It’s been quite a while since the prospect of meaningful March basketball looked so bleak for the Manhattan College men’s basketball team. Under head coach Steve Masiello, March has been the month the Jaspers have played their best basketball and have made many memorable moments.
With three appearances in the Metro Atlantic Athletic Conference (MAAC) Tournament championship game in the past five seasons, including a pair of tournament championships and two trips to the NCAA Tournament, March has been like a close friend for the Jaspers.
But in a season that has seen Manhattan graduate two program stalwarts in RaShawn Stores and Shane Richards, then lose the services of top returning senior Rich Williams for the entire season with a knee injury, it has been one long disappointing ride for the Jaspers.
The Jaspers staggered to a 10-21 finish this season, including a 5-15 mark in the MAAC. A very un-Manhattan-like season, for sure. But to add insult to injury, the Jaspers, who finished tied with Marist in the conference, even lost the coin flip to decide who would be seeded 10th and 11th in this weekend’s MAAC Tournament in Albany. The Jaspers are now the 11th seed and will face No. 6 Rider in their tournament opener Thursday night at 9 p.m.
“Any time you go into a year and your best player isn’t there, it makes it difficult,” Masiello said. “Obviously, not having Rich made this a very challenging year in a different way, in that most years we probably could have survived his injury because we always have so many guys returning. But we had so many new guys, and to not have a guy like Rich early in the year to set a tone and how things are done, it definitely hurt us. It definitely made it more challenging.”
The Jaspers, as usual, also constructed a very competitive schedule this season, games against such national heavyweights as West Virginia and Florida State, currently No. 12 and 17 in the Associated Press Top 25 basketball poll. It was another contributing factor into the Jaspers dismal season.
“Our schedule was difficult. When all was said and done we wound up playing two top 20 teams and Bucknell, who went on to win the Patriot League and Winthrop, who is tops in the Big South. So probably in our non-conference [portion of the schedule] we played probably six NCAA Tournament teams,” Masiello said. “And also the MAAC this year was kind of a senior-dominated league. St. Peter’s has a ton of seniors and so does Iona, Siena and Monmouth so with having a young team and with a lot of guys not having been part of the program, outside of Zane [Waterman], Calvin [Crawford] and Tyler [Wilson], it definitely posed challenges for us.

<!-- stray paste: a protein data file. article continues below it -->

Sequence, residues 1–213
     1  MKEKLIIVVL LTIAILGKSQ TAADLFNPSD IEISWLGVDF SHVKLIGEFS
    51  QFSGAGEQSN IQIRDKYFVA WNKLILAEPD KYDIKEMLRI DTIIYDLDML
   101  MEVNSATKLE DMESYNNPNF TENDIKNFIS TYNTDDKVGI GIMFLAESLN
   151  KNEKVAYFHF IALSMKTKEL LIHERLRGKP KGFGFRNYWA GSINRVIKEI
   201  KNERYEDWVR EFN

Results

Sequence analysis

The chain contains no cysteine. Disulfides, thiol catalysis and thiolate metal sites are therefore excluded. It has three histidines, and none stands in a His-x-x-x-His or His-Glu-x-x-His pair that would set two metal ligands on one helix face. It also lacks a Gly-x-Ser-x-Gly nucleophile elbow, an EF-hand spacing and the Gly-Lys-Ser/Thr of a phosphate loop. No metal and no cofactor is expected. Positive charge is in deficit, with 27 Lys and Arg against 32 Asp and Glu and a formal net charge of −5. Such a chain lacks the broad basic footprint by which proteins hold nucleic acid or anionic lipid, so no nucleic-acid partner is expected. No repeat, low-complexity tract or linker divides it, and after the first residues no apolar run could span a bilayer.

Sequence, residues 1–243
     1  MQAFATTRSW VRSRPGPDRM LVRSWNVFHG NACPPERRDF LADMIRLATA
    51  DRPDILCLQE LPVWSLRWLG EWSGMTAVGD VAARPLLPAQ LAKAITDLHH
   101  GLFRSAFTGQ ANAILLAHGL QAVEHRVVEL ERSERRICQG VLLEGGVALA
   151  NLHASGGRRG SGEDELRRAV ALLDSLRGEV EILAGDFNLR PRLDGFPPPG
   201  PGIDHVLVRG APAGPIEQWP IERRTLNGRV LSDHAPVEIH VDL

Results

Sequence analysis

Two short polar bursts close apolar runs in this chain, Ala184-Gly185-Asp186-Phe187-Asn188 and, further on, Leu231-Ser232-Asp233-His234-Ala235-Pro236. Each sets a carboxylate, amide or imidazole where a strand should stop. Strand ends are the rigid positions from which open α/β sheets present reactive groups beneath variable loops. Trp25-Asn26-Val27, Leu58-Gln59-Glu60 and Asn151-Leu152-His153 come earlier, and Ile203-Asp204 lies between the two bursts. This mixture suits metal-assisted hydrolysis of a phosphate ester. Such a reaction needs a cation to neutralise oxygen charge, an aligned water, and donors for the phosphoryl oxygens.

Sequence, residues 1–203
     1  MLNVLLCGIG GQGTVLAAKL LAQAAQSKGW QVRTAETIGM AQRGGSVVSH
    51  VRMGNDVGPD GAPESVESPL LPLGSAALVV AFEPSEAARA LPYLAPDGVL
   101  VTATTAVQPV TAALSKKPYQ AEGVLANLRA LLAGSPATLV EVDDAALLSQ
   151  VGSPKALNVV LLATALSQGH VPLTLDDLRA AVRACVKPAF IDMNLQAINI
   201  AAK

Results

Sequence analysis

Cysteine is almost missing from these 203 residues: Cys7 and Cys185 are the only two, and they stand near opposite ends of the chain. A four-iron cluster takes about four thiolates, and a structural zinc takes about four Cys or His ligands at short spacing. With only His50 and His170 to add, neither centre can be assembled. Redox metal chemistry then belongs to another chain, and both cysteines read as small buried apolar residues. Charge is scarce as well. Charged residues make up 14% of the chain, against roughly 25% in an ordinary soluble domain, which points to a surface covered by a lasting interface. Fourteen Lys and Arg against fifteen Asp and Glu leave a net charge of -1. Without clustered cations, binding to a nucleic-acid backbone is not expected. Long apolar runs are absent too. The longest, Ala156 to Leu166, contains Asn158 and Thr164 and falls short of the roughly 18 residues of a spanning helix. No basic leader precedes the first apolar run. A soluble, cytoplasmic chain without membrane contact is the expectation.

“But I’ll say this: I don’t feel like a 10-21 team, I don’t feel like an 11th seed,” Masiello continued. “I don’t feel that way, we don’t act that way, we don’t prepare that way and we don’t practice that way. There’s no difference than the past years. The thing that’s different is the results. The results aren’t where we want them to be.”
So the question facing the Jaspers now is this: Can a team with so much youth and new faces turn the page on a frustrating regular season and surprise teams in the MAAC Tournament?
Even Masiello isn’t sure what to expect.
“I don’t know. I think this group is different in that sense,” Masiello said. “I think things bother this group. I think in the past guys like RaShawn Stores could just turn that switch on and with this group I don’t know if there are guys that can turn on that switch. That is some of the things we’ve talked about and that’s what we’re hoping for and we want. And I think some of these guys, and I don’t mean it in a bad way, they worry about the wrong things. We know we’ve had a bad year but we could make things better this weekend by winning the tournament and I don’t know if all my guys get that.”
The Jaspers split the two-game seasons series with Rider, winning 76-73 at Draddy Gym on Jan. 13 and losing, 93-82, at Rider on Feb. 22. So what does Manhattan have to do in order to make some noise in Albany this weekend?
“You’ve got to have a little luck but more than anything you’ve got to have great togetherness,” Masiello said. “You’ve got to be able to stay together and really play through adversity and if we do that we’ll give ourselves a chance. We can’t let adversity split us, that’s the one thing we can’t do. But because it’s a bunch of new guys playing together for the first time, that’s been a challenge this year for sure.”
They are a long shot for sure to come home with the MAAC championship hardware for the third time in five seasons. But stranger things have happened. It’s why March is called the Month of Madness.
“Do I think we can win this tournament? Absolutely, I think we can win this tournament,” Masiello said. “Do we have to do things more consistently? Yeah we’re going to have to. But can we do all that? Yeah, we can.”